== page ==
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Easy Config for Linux Router

Started by angelou, February 02, 2011, 11:53:09 AM

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Greetings All,

Since I spent the better part of the day trying to figgure out an easier way to do this in Ubuntu 10.10, I thought I would post the end results so it might be helpful to others.  I considered doing this on my DD-WRT, but for now wanted to keep it seperate for testing and to see how easy it would be from the local network standpoint.  This Ubuntu server is running on an VirtualBox VM using the Vitiro network drivers and is operating very well.  I tweaked the addresses below obfuscate me.

You need to install radvd which is available from apt-get and then tweak the following files to suit your needs.

/etc/network/interfaces: = HE Server IPv4 Endpoint
2001:470:8:7aa::1 = Static IPv6 assignment from my routable range to the linux router interface. (Can be any ip in routed range)
2001:470:7:7aa::2 = Client IPv6 Endpoint

# This file describes the network interfaces available on your system
# and how to activate them. For more information, see interfaces(5).

# The loopback network interface
auto lo
iface lo inet loopback

# The primary network interface - ipv4
auto eth0
iface eth0 inet dhcp

# The primary network interface - ipv6
iface eth0 inet6 static
     address 2001:470:8:7aa::1
     netmask 64

# IPv6 via Hurricane Electric Tunnel
auto he-ipv6
iface he-ipv6 inet6 v4tunnel
     address 2001:470:7:7aa::2
     netmask 64
     up ip -6 route add default dev he-ipv6
     down ip -6 route del default dev he-ipv6


2001:470:8:7aa::/64 = Routed range you are using

interface eth0
        AdvSendAdvert on;

        # Disable Mobile IPv6 support
        AdvHomeAgentFlag off;

        prefix 2001:470:8:7aa::/64
                AdvOnLink on;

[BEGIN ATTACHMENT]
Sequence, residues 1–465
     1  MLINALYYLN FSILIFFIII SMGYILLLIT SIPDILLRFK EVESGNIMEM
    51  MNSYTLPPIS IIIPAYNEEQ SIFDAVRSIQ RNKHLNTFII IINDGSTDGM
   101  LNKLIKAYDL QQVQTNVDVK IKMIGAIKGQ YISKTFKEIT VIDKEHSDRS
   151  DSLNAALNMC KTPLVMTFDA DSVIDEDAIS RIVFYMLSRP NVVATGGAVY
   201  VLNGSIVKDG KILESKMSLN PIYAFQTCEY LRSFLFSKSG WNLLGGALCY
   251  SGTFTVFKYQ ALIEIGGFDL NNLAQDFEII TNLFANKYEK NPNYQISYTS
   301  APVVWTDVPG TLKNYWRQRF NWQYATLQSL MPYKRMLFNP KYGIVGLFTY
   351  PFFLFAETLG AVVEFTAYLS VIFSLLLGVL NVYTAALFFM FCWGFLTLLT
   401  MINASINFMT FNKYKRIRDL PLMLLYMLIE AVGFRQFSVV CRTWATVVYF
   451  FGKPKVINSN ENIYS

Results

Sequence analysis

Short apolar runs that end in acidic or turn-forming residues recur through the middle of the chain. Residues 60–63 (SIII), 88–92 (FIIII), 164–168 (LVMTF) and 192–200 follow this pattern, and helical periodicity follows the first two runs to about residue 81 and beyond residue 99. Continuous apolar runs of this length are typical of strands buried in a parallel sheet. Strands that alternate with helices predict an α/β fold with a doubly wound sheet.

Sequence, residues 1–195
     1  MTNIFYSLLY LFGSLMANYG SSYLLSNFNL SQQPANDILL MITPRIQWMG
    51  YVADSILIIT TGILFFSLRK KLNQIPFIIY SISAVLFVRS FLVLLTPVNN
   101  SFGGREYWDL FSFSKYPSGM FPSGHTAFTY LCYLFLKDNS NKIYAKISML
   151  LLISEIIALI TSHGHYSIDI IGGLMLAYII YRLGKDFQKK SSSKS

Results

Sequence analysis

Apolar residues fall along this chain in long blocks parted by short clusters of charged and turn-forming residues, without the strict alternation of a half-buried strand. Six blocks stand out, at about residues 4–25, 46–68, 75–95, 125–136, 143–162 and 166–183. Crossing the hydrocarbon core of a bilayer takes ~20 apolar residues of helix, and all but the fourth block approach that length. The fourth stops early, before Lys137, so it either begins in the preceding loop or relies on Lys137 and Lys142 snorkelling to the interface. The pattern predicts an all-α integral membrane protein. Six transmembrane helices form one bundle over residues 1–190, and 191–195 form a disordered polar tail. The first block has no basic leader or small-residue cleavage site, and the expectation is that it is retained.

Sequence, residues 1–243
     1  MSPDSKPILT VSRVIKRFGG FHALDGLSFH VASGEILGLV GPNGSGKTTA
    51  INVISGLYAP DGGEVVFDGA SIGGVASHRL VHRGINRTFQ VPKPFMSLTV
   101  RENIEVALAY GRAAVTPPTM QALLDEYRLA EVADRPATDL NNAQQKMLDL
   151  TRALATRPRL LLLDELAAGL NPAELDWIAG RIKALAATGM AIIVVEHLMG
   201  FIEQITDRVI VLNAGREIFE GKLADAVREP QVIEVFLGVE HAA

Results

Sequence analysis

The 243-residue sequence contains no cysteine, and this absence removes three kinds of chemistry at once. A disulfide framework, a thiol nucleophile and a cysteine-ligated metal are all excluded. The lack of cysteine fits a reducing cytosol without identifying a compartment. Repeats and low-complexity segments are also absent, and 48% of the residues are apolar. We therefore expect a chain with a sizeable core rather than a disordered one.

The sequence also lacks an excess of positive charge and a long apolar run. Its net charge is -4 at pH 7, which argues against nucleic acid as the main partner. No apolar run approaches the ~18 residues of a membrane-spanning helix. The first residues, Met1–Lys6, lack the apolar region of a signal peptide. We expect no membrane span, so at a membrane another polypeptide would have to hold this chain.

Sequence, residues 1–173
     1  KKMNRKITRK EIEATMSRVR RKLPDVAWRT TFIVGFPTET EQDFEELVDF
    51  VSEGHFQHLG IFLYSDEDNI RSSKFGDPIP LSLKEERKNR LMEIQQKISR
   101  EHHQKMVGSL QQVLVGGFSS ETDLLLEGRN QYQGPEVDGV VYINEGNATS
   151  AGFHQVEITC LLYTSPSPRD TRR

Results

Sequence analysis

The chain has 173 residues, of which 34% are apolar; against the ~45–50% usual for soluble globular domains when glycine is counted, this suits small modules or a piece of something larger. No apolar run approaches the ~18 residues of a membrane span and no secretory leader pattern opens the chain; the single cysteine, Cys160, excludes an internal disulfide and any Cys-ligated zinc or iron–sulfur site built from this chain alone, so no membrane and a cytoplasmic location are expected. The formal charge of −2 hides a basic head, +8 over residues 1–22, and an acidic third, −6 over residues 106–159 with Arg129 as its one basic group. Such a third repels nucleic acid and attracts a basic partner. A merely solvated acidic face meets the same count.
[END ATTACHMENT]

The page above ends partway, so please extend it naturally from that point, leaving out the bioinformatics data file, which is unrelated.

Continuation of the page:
AdvAutonomous on;

                # Disable Mobile IPv6 support
                AdvRouterAddr off;


Add or Uncomment the following line

net.ipv6.conf.all.forwarding = 1

That's it, with the above configurations all ipv6 capable computers on my local lan assigned an address in the routed range and are transporting data over the HE tunnel.  Hope this helps others out there. 


Thank you for this post.  It made it easy for me to get the tunnel working on a small Ubuntu Server system which is not my main router.

In addition to what you posted above I added firewall rules based on some other forum posts.  After creating the rules file below I added the following to the auto he-ipv6 section of /etc/network/interfaces:

up ip6tables-restore < /etc/ip6tables.rules


# Generated by ip6tables-save v1.4.4 on Tue Feb  8 07:48:10 2011
-A INPUT -p ipv6-icmp -m limit --limit 50/min -j ACCEPT
-A INPUT -i he-ipv6 -m state --state RELATED,ESTABLISHED -j ACCEPT
-A INPUT -i eth0 -j ACCEPT
-A INPUT -i lo -j ACCEPT
-A INPUT -j REJECT --reject-with icmp6-port-unreachable
-A FORWARD -p ipv6-icmp -m limit --limit 50/min -j ACCEPT
-A FORWARD -i he-ipv6 -m state --state RELATED,ESTABLISHED -j ACCEPT
-A FORWARD -i eth0 -j ACCEPT
-A FORWARD -j REJECT --reject-with icmp6-port-unreachable
# Completed on Tue Feb  8 07:48:10 2011


-A INPUT -p ipv6-icmp -m limit --limit 50/min -j ACCEPT

Maybe I am missing something here but it looks like this rule makes it trivially easy to launch a denial of service attack against the network.